I recently attended a retreat with Sogyal Rinpochein Amsterdam. One of the main themes of the retreat was about how to take the blame. Now this may seem like quite a strange concept: why should we be willing to take the blame in situations? It definitely was something to think about for me, which is why I am writing this blog.
As in previous years, I was fortunate enough to attend the Mind & Life Summer Research Institute. At this summer school, a group of scientists and practitioners get together to discuss on-going research into the nature of contemplative practice, and future avenues. What is quite special is that we do not only discuss contemplative practices (such as yoga and meditation) but also practise them ourselves. Every morning starts with yoga and meditation, and every evening ends with it as well. Participants observe silence between the evening meditation and morning meditation. We even have one full day of practice, which is an absolutely interesting experience: in addition to talking about how we can study contemplative practice scientifically, we also get to study ourselves in our own portable laboratory.
This is from Karén, who came all the way from Moscow, to attend the What Meditation Really Is 2012 retreat:
I have been interested in Buddhism since the age of 14 when I read my first book about it. Since that time I’ve read a lot of books but never really practised. First of all because, there are very few Buddhists in Russia, especially where I live, and I couldn’t find a master I could trust.
We just finished the 2nd annual What Meditation Really Is retreat at Lerab Ling, France. Here is what one of the participants, Drew from Ireland, wrote about it:
On this retreat there have been many moments of beauty, learning, breakthrough, breakdown, pain (both physical and emotional), truth and realization. But really, it all comes down to the teaching, “Water, if you don’t stir it, will become clear; the mind, left unaltered, will find its own natural peace.’ When I first came, I had many questions. Some I asked, many I kept to myself. All were usually answered fairly quickly.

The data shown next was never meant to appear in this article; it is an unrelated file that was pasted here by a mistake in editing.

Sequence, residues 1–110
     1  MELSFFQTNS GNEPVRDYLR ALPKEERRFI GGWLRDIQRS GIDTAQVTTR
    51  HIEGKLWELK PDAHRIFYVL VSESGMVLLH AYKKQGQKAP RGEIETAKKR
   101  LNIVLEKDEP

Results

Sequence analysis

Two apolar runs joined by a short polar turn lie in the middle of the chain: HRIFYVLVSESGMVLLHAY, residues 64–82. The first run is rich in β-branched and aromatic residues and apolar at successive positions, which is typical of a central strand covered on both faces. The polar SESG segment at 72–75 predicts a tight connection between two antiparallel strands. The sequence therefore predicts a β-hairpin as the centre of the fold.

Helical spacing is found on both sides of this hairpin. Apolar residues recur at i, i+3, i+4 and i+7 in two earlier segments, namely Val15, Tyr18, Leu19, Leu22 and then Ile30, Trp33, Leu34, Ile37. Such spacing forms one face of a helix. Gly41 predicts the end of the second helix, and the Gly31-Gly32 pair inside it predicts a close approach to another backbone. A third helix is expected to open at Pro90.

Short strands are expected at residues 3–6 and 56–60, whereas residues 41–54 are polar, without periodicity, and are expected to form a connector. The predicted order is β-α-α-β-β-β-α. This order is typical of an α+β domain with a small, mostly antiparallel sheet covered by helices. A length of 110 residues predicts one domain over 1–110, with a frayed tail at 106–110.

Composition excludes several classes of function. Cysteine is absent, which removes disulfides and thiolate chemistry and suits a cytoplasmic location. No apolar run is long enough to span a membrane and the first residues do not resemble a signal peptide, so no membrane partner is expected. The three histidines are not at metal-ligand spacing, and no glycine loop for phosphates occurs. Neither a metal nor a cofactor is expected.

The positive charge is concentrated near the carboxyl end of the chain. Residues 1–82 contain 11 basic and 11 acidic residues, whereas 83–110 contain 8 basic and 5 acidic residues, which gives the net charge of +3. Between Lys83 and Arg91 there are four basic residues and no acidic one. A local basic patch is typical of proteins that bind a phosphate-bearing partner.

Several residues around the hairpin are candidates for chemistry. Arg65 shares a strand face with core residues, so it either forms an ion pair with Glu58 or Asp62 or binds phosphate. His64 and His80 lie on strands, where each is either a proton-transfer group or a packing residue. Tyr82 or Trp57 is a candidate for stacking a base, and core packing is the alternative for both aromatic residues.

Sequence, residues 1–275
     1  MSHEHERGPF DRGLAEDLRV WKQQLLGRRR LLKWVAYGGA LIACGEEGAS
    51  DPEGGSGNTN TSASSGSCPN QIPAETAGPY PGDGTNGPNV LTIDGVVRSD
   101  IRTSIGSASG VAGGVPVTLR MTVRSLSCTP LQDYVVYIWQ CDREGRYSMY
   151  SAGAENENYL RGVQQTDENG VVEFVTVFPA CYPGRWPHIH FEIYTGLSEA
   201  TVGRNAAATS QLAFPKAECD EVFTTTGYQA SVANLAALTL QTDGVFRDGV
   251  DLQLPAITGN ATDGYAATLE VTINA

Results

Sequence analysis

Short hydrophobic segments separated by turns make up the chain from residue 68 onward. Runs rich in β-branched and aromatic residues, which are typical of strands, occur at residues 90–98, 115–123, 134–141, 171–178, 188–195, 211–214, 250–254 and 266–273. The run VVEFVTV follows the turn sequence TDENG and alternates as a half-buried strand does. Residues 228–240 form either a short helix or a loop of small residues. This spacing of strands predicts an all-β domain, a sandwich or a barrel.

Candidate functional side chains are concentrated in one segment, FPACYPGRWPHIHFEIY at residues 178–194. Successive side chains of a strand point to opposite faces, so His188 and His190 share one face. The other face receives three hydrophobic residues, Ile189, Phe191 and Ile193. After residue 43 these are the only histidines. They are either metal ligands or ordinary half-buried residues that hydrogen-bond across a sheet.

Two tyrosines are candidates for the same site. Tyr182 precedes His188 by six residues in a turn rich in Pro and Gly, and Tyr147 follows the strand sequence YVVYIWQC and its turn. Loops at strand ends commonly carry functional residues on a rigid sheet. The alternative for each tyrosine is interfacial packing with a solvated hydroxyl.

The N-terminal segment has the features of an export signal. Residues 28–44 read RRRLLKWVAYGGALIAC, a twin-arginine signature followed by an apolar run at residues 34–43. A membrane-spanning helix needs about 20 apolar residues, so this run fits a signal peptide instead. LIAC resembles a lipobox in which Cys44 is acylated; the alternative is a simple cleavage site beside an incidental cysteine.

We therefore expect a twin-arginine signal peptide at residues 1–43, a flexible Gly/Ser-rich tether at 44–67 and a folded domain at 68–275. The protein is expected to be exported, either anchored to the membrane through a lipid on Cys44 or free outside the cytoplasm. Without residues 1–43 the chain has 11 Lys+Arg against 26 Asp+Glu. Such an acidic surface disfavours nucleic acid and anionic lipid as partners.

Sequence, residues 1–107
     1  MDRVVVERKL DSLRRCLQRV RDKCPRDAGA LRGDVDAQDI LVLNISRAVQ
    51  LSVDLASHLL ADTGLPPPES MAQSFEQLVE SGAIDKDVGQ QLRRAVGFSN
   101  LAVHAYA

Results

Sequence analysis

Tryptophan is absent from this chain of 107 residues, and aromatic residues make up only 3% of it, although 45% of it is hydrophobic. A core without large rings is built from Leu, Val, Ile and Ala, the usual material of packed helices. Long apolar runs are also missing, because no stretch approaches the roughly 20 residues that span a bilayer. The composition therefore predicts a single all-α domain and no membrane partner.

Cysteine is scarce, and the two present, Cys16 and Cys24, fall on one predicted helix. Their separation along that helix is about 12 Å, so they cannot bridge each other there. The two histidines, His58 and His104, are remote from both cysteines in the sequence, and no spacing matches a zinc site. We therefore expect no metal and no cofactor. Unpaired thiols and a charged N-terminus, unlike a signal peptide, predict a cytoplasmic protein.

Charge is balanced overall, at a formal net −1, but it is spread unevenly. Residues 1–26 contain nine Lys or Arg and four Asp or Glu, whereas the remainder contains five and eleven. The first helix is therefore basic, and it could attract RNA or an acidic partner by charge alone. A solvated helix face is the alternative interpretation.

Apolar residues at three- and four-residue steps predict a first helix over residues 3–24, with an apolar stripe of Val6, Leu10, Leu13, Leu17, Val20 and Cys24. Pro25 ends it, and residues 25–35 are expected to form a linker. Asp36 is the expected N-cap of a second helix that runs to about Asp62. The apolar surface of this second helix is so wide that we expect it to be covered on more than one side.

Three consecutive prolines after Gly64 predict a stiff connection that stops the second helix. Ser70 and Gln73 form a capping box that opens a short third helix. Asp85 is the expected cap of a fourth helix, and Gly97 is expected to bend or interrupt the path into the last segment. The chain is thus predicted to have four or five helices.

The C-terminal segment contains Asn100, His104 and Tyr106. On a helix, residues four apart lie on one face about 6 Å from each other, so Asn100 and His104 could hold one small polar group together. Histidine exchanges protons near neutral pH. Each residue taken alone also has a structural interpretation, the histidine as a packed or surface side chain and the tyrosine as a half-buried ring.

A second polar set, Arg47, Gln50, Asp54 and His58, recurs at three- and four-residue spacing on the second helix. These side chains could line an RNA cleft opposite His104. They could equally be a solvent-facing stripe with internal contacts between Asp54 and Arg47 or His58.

A few years ago at dawn one Summer morning, a friend and I pedaled to the top of Australia’s highest mountain, Mount Kosciuszko. This is possible and pretty easy because Australia is the world’s oldest continent and Kosciuszko (7,310 feet or 2,228 metres tall and named by Polish explorer Strzelecki in 1840) has been weathered over millennia into a place more rounded than its younger, steeper and craggier equivalents elsewhere on the earth. But that’s by the by.
The thing is that when we got there not only were we alone at the highest point on the world’s biggest island but up there it was absolutely, utterly, wonderfully silent.
No wind and no wind through leaves (no bushes or trees), no chirruping insects or croaking frogs, no twittering birds or lowing of cows, no distant bark of a dog on the breeze, no traffic, no lawnmowers, no voices. Nothing -- just glorious silence. Absolute silence is a thing most of us rarely get to experience and when you do it can be profound.
Excerpt from “Being a Compassionate Presence – The contemplative approach to end-of-life care” in The Arts of Contemplative Care.
“Are you dead yet?” her high-pitch voice hurled across the room. “Are you dead yet . . . you in the corner?” She glared at me, wide-awake ready to engage. I had been sitting quietly in her room assuming she was asleep. The physician had pointed to the chair in the corner across from her bed before he shut the door behind him with a resounding bang. I had a sinking feeling in my body. I was a fresh hospice volunteer and novice meditator. I followed the direction of his finger and sat down on the chair. I did what was expected, straightened my back and sat in silence.